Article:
Some campaigns also utilize data brokers who specialize in collecting and selling consumer data, including voter information. These brokers compile vast databases that aggregate publicly available data, such as voter registration lists, consumer purchases, social media activity, and other sources, allowing campaigns to create detailed voter profiles that can be used to target specific demographics.

But before political campaigns can send mass text messages, they are required to register with a relevant text-messaging registry to verify the legitimacy of the campaign and ensure compliance with industry standards for opt-in and opt-out procedures mandated by CTIA, a wireless-communication trade association, and U.S. carriers. Once a campaign receives approval from the registry, they can use a mass-texting service provider to deliver messages on behalf of the campaign from a dedicated phone number.

As text messaging has become a mainstream communication tool for campaigns, Michelson says its effectiveness has evolved and campaigns now need to carefully consider how to target their efforts effectively. “The reason text messaging was so effective 15 years ago is because it was unusual,” Michelson says. “When it is no longer unusual, it becomes easier to ignore, and then it becomes less effective. And so then campaigns have to think about, for whom is text messaging going to be effective? And how should I be focusing my efforts?”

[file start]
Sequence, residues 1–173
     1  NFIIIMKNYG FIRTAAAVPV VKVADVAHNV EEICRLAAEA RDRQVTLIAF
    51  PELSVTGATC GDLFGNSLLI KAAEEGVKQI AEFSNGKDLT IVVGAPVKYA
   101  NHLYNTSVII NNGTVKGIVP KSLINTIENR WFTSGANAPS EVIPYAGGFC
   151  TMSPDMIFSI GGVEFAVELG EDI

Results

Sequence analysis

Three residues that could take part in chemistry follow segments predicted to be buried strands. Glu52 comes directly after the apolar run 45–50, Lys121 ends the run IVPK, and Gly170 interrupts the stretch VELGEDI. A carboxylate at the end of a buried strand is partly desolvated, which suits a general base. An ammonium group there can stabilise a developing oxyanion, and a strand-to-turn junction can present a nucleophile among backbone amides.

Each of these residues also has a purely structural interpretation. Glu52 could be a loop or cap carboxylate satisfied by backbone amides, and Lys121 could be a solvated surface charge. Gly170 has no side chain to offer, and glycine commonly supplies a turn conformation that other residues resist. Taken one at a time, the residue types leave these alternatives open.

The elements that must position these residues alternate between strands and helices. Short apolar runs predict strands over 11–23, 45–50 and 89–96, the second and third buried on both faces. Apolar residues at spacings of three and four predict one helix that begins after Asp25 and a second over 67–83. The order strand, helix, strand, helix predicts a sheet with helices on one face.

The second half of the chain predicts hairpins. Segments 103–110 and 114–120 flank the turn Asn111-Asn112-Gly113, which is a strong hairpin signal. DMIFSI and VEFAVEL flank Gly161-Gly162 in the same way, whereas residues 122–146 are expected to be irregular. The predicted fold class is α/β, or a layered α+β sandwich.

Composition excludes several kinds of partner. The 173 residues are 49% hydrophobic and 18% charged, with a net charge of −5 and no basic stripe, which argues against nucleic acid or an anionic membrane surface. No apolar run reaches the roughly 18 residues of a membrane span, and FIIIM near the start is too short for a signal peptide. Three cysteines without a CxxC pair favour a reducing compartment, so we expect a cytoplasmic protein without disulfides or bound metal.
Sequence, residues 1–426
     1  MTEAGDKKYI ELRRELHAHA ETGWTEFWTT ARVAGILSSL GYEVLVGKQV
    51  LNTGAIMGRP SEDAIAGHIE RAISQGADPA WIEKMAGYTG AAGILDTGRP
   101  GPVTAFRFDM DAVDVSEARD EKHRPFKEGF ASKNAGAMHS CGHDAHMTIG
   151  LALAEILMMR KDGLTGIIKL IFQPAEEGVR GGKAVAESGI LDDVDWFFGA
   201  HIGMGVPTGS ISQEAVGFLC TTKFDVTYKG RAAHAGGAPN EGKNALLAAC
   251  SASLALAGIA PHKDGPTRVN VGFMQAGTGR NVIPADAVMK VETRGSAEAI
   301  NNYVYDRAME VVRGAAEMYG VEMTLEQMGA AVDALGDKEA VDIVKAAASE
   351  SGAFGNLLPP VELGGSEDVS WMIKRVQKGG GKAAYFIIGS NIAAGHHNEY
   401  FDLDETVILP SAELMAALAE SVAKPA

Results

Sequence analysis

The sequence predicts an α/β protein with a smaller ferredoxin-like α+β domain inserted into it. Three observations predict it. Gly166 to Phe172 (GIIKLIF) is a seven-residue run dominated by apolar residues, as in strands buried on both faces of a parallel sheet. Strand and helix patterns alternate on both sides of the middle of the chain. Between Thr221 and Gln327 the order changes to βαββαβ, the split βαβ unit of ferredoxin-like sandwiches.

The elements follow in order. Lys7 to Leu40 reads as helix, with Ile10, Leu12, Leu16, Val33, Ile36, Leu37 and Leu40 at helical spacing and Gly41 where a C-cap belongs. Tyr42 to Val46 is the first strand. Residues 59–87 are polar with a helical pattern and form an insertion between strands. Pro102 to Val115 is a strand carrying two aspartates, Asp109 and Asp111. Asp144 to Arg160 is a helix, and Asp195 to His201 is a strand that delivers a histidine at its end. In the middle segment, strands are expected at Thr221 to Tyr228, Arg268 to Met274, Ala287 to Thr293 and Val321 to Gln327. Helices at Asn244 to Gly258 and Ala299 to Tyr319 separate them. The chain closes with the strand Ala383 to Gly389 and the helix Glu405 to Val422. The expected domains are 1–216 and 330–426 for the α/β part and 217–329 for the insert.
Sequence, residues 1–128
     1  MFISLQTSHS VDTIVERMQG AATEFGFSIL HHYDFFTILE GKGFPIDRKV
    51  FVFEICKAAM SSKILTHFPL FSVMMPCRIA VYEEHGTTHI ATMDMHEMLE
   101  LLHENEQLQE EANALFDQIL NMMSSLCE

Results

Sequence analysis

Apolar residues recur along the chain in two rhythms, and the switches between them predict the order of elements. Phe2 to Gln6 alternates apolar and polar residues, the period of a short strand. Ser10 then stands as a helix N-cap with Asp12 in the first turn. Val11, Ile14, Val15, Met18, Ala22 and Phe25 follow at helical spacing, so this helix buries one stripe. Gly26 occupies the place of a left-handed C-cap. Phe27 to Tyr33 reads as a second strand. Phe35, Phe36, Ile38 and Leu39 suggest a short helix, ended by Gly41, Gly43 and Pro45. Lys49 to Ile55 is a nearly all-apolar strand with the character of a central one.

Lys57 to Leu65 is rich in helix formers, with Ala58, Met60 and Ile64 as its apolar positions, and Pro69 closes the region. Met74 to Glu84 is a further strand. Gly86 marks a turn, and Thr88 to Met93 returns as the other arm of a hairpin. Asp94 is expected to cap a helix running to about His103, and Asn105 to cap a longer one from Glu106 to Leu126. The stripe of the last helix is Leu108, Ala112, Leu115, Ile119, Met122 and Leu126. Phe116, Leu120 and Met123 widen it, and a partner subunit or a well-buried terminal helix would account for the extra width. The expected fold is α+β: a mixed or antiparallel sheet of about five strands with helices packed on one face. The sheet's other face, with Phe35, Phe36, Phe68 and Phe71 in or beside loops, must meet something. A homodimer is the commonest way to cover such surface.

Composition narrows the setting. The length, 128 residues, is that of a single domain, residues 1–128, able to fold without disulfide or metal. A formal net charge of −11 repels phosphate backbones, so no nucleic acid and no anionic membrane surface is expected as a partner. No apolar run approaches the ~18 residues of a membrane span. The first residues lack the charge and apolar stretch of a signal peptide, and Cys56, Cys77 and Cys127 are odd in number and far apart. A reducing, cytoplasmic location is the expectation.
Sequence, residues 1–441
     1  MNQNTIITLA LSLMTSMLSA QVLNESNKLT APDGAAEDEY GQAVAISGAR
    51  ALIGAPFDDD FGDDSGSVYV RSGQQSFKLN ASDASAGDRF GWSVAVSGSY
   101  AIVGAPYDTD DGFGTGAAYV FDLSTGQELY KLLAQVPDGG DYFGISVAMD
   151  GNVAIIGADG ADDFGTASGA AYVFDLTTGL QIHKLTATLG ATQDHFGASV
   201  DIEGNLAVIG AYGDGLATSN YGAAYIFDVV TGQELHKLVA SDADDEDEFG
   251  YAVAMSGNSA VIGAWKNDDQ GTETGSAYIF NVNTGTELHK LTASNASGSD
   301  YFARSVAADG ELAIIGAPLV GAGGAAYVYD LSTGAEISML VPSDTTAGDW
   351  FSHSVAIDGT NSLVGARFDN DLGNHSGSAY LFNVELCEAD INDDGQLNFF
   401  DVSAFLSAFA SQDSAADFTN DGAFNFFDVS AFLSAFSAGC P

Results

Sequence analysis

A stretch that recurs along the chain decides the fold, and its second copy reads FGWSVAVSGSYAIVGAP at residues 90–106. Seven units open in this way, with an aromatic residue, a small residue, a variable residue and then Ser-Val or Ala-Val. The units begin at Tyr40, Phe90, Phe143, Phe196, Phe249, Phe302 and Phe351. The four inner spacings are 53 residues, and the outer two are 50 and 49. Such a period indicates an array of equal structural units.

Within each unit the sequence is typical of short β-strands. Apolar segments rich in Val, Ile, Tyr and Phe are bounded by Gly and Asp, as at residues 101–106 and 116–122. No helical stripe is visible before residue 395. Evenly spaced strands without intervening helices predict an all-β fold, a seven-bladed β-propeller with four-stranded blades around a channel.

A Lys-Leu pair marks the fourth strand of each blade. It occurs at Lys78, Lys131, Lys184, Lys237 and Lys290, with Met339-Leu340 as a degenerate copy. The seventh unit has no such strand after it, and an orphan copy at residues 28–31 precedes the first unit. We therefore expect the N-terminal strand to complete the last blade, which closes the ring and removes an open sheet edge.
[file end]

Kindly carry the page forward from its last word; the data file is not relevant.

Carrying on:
How to get them to stop

Those who want to stop campaigns from sending text messages can typically opt out by replying “STOP” or by blocking the sender’s phone number.

Political campaigns are required to obtain your consent before sending automated messages, and they must respect your opt-out requests when you reply with “STOP,” as outlined by the Federal Communications Commission (FCC). Once you opt out, you should not receive any further messages from that campaign, not just from the specific number you replied to. Failure to comply with these regulations could result in the campaign’s messages being blocked by phone carriers in the future.

Sometimes bad actors exploit political texts to deceive recipients into clicking malicious links or divulging personal information, usually by impersonating legitimate campaigns or candidates and urging recipients to take immediate action without verifying the sender’s authenticity. If you don’t think a campaign text is legitimate, the FCC advises recipients to report suspicious text messages as spam by forwarding the message to 7726, which can prompt the wireless carrier to investigate the sender and block future messages. Most smartphones have a built-in spam blocker that allows users to silence messages from unknown senders. There are also many filtering apps that users can install to flag real texts from potential spam.  

Quilici says that Americans should always treat political texts as alerts and never click through or interact with them unless they can verify that it’s legitimate. “If you get a text saying that President Biden needs your help, take the extra effort and find out how to donate online,” he says. “Don’t just click a link that was sent to you.”